Time to say Goodbye to the 3.5mm Audio Jack

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Recent announcements by both Apple for it’s iOS8 and Google’s Android 5.0 hints clearly at the possible demise of the humble 3.5mm audio jack and that’s troubling

Both operating systems feature a new API that allows for audio to be passed through digitally thereby bypassing the Digital to Analog Converter (DAC)  found on current handsets. The reason? Better sound quality they say.

This might sound like an audiophile’s dream but trust me, it’s not good news for you and me. First let me clarify that I am very fond of the 3.5mm audio jack. Back in the days of the Sony Walkman craze, I have found that the jack delivers and depending on how your file was digitally encoded, it was nothing short of marvelous.

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I had for a brief period flirted with the MiniDisc system from Sony and loved it. The ATRACC encoding was nothing short of excellent and it delivered the quality I expected from the humble 3.5mm audio jack—the quality is far better than the highest MP3 encoding found today.

To say that smartphones can do better by going all digital with a digital output is nothing short of a political travesty.

Android’s USB Audio

Google announced the USB Audio API for handset makers to dabble in and in doing so, has opened up a can of worms. I remember once I had a Sony Ericsson P1i and it didn’t have a dedicated 3.5mm stereo jack. Instead, what they gave you was a proprietary adapter and with it an external cable that housed the 3.5mm jack socket. It was a nuisance to use, fell out when you least expected it and flimsy in construction.

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Here, I am reminded of this same possibility, that people from Samsung, HTC to Motorola will start to implement their own proprietary socket to get you to buy into their digital audio accessories.  Digital files, especially those MP3 files aren’t necessarily better in quality. You could have FLAC based files which are excellent for audiophile use but take up a warehouse of storage. Handsets are not made to handle audiophile quality digital files so it will not satisfy the purist.

Audio accessories that plays digital music must have a built-in DAC. The DAC has to convert incoming music data  before you hear anything that remotely sounds like music. This also means that headsets would  need to have their own power source to drive the DAC process. Siphoning power from a cable plugged to your smart device could work but this will affect your battery life, which at best is just enough for a 12 hour day.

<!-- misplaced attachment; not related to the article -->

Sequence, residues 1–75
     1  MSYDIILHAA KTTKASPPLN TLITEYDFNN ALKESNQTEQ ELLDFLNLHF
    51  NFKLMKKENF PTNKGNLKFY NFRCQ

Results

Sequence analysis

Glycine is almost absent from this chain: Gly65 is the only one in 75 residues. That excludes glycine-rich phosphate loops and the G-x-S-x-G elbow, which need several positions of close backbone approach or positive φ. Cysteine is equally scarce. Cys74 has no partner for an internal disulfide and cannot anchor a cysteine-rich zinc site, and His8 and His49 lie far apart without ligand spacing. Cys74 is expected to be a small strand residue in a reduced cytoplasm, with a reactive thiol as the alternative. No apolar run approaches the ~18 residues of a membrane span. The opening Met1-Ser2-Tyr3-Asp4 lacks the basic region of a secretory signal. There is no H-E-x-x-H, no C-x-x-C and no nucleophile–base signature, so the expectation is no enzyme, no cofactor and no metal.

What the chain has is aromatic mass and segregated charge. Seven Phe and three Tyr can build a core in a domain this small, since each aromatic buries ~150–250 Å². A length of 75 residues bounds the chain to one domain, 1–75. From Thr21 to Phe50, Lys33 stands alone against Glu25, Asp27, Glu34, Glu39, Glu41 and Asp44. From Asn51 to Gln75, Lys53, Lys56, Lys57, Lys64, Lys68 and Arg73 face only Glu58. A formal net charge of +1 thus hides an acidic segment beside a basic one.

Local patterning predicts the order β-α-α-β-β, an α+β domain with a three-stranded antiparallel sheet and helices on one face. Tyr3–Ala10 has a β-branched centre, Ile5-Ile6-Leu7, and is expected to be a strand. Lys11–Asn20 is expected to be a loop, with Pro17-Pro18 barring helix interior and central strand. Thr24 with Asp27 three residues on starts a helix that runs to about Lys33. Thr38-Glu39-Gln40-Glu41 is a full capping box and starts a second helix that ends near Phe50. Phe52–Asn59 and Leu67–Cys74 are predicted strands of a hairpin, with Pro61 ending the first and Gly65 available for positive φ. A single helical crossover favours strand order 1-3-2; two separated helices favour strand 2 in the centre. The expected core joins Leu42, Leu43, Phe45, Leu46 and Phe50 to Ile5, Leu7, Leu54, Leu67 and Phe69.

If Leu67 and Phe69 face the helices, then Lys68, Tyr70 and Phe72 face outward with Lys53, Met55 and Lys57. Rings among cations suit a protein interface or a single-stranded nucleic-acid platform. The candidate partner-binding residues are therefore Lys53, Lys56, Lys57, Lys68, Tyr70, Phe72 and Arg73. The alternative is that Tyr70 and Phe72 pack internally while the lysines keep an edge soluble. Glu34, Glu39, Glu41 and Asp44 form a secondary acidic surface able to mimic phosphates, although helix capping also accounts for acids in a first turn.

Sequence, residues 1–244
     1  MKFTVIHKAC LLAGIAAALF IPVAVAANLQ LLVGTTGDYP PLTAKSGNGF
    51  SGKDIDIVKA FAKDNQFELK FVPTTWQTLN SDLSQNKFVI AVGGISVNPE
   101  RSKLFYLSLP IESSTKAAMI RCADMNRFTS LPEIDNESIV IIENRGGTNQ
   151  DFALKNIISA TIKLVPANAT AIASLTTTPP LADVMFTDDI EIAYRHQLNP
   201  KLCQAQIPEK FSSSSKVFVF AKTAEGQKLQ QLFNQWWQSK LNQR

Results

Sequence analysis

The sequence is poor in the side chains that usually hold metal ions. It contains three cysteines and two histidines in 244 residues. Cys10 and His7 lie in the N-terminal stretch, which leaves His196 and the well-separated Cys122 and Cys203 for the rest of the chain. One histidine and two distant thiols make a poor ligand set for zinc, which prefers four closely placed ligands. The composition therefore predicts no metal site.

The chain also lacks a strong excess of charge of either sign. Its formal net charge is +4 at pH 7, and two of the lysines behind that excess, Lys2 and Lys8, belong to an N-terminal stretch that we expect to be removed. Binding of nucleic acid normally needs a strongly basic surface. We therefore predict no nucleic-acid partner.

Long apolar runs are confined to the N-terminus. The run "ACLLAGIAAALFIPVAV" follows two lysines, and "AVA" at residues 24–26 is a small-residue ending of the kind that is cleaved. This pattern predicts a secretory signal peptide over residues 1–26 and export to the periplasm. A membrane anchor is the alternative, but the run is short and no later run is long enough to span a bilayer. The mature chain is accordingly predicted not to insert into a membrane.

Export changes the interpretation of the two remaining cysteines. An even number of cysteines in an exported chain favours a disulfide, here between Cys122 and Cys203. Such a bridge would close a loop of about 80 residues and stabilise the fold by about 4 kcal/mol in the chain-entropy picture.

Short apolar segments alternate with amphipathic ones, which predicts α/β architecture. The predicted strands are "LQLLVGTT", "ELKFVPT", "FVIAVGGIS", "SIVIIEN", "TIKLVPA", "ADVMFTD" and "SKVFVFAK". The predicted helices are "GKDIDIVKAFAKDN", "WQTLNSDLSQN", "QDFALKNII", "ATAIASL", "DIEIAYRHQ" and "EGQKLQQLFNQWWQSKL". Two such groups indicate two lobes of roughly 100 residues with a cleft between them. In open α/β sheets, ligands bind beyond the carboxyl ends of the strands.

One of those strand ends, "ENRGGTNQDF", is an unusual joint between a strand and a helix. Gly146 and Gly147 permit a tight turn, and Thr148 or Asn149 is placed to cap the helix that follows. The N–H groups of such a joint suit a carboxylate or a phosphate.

And because the audio data is totally digital, your headphone or audio device must provide for the DAC process. So speakers which worked on the traditional analogue audio input will be made obsolete. That Altec Lansing speaker system you got for last Christmas is now a massive door stopper. We have all seen how that happened when audio devices which pandered to the iOS socket of old were beaten out with a new lightning connector. The same is going to happen once the 3.5mm audio jack is tossed out with the bath water.

March with the Beat

Well know you know why Apple bought out BEATS audio for a song. It’s not just for the streaming music service alone but for the hardware technology behind it. Beats headphones (yes those all too popular headgear worn by sports stars) has its own power source in the form of a battery to give you those great sounding bass beats. These headphones can be transformed to carry and process digital signals without relying on the iPhone or iPad for power.

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Lightning connectors used on Apple’s iOS devices will be the future digital audio source and by saving on the DAC chipset, Apple has effectively made it impossible for you to downgrade to analog earphones or headphones.

Why Digital will be more Expensive

It is an ecosystem that is suppose to bind you in, and not let you out. Analog in this case is an open system, digital however makes more money. Apple can license the lightning connectors to third parties and make a killing from it. You as a user would have to buy only those products that interfaces with your iOS device. Apple hopes to enslave you with their paper thin logic for better sound as long as you ante up to a digital listening apparatus.

Google’s USB Audio API also does the same thing but Google themselves are not in the accessories business. Instead, they have given out a blank cheque to handset manufacturers to create their own audio ecosystem.

I want to be using my favorite headphones for many years to come but with such a possibility looming on the horizon, your headphones could be toss onto a dung heap at your next hardware upgrade.

The only other way to interface your old world analog audio device is to get an external DAC unit that pushes analog signals thru a 3.5mm headphone jack…but why in the world would I do that? This would mean carrying another accessory just to listen to music. Sounds like a bummer doesn’t it?

Handsets will continue to have a DAC but you may not access it

As much as handset manufacturers would want it, it is virtually impossible to remove the use of a DAC in the first place. Games, movie playback and streaming audio data has to be processed and output via a device speakers. The initial fear here is that the DAC will coexist with your device but there is no way to output analog sound via a 3.5mm jack. This rather inconvenient way will mean that you have no other choice but to ante up on a digital accessories or a Bluetooth speaker that works wirelessly. Now that’s a scary thought if I may add.